Our verse today instills two key components necessary for shepherding: aspiring and desiring. Want to, is how I would say that. A man ought to want to do this. If the want to isn’t there, then why is he doing it? Was he talked into something that he really didn’t want? Was he pressured? Did he do it because no one else would? If he could get out and save face, would he? Few things are worse than a grumpy leader who doesn’t want to lead. He’ll do just the bare minimum, if even that. He’ll complain all the time. His heart won’t be in his work and it will show. I’ve seen some like this. It’s a mess. The man doesn’t want to lead and the people grow tired of him not wanting to lead. But, he won’t step aside, nor step down. He views his role as running things and the shepherding aspect of leading is never done. He barks out orders and expects people to jump when he says so. The atmosphere is dark and discouraging and no one wants to step up and be part of that kind of leadership.
But when a man wants to lead and that is his desire and he has thought about that, studied that, prayed about that, what a blessing he becomes. He loves people and he wants to see the whole church at it’s best. He likes the little ones as well as the big ones. He likes the young ones as well as the old ones. He’s easy to talk to and he is kind in his words. He is thoughtful, gentle and Biblical. He knows where we ought to be and he knows how to get there. Problems are tough and stressful, but that’s not how he defines his work. He’s not a problem solver, although, he does that. He sees his work as leading the people of God. And the legacy of God’s leaders runs deep in his heart. He thinks of Moses, leading Israel. Joshua, leading the troops around Jericho. He thinks of Paul, boldly teaching God’s word. It’s in these shadows that he stands.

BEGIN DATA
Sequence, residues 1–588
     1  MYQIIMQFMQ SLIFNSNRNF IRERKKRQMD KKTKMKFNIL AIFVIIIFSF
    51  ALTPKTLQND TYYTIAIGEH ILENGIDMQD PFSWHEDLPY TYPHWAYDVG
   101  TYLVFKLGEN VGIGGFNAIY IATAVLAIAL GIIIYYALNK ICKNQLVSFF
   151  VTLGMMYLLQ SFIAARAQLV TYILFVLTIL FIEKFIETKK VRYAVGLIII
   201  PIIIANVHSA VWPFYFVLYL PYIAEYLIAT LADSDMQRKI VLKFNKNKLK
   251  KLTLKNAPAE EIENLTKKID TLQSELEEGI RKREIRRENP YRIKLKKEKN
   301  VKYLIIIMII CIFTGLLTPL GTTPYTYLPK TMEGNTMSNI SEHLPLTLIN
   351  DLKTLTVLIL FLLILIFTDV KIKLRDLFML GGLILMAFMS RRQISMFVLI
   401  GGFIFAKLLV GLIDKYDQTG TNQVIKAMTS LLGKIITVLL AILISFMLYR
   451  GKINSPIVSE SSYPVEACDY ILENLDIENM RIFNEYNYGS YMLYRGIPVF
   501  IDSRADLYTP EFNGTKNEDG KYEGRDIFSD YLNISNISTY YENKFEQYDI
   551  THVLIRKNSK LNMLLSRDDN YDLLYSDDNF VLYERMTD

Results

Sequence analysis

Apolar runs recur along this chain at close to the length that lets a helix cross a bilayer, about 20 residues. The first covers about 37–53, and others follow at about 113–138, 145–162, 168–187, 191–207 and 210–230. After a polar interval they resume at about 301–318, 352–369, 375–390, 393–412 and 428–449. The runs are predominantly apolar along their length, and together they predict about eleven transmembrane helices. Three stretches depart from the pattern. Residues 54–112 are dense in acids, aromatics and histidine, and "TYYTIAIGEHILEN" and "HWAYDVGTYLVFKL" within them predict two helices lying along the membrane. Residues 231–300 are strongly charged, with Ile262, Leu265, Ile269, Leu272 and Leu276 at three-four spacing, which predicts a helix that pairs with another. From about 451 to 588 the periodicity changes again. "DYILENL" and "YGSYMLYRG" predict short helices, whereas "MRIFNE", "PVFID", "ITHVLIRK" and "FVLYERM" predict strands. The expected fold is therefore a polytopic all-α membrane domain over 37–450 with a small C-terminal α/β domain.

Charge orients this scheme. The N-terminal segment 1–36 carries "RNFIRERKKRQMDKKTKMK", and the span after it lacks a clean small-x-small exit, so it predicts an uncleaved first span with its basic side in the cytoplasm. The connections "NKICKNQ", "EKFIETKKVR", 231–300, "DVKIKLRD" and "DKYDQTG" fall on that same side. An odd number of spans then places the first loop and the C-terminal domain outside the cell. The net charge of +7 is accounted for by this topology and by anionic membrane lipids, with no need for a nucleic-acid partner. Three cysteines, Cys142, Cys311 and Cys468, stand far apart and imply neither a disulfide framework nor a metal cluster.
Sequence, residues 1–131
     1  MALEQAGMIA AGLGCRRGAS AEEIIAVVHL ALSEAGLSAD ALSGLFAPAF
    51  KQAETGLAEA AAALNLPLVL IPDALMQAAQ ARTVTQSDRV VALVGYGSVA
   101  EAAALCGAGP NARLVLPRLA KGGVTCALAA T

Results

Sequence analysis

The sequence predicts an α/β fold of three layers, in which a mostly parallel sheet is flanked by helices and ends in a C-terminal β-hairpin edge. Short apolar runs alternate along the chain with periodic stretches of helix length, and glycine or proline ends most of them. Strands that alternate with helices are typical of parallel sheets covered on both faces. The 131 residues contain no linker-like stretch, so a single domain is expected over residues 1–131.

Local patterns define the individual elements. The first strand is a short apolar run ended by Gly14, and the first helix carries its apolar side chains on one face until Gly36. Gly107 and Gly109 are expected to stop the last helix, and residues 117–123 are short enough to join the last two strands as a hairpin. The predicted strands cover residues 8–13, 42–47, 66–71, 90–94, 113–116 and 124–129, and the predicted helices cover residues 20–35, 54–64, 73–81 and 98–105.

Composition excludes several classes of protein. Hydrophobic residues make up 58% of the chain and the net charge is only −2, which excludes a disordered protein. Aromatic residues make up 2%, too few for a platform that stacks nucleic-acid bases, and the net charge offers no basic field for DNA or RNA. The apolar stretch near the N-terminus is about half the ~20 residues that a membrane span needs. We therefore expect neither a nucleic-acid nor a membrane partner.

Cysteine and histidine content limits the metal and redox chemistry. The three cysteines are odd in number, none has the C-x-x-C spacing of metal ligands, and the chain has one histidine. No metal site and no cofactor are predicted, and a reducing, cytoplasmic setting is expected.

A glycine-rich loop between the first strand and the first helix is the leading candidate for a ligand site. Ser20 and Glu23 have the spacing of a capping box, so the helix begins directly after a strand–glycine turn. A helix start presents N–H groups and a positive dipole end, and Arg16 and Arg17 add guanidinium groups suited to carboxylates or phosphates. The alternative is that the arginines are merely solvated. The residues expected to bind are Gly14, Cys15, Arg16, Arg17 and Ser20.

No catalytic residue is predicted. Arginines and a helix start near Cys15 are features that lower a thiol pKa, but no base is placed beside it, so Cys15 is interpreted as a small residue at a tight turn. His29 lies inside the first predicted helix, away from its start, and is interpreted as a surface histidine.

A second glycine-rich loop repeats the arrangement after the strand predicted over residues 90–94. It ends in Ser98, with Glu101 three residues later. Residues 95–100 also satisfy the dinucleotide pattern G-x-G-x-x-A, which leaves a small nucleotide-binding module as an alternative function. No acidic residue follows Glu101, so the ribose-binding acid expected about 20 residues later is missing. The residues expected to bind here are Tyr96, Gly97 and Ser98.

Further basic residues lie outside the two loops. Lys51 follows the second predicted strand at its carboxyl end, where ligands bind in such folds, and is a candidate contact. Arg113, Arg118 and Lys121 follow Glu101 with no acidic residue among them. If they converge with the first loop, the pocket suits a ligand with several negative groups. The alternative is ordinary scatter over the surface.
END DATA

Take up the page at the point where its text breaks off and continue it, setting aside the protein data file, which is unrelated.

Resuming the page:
God’s shepherds are not arrogant, yet, they feel that they can add something to us. They can make a difference. They are thinking about us all the time. They are praying about us and for us. They long to see fat, healthy sheep who are honoring God in their lives.
Every man ought to want to lead God’s people. It’s a noble task. Every man ought to demonstrate that he can do that by leading his family. What he does at home reflects what he would do on a larger scale. Helping. Shaping. Listening. Encouraging. Being there. Being strong. Knowing where to go and knowing what to do. Too many have seen horrible examples of leading. Too many have heard God’s leaders being trash talked. All of those are wrong examples and shameful.
If any man aspires, is how our verse begins. Why would someone want to do that? It takes time, energy, patience and a whole bunch of love to do the job well. Why do that? Because he loves the Lord and in the spirit of the prophet, “Here am I, send me.” It is one of the greatest works ever done.
God bless the men who serve well. God bless those who say, “Here am I, send me.”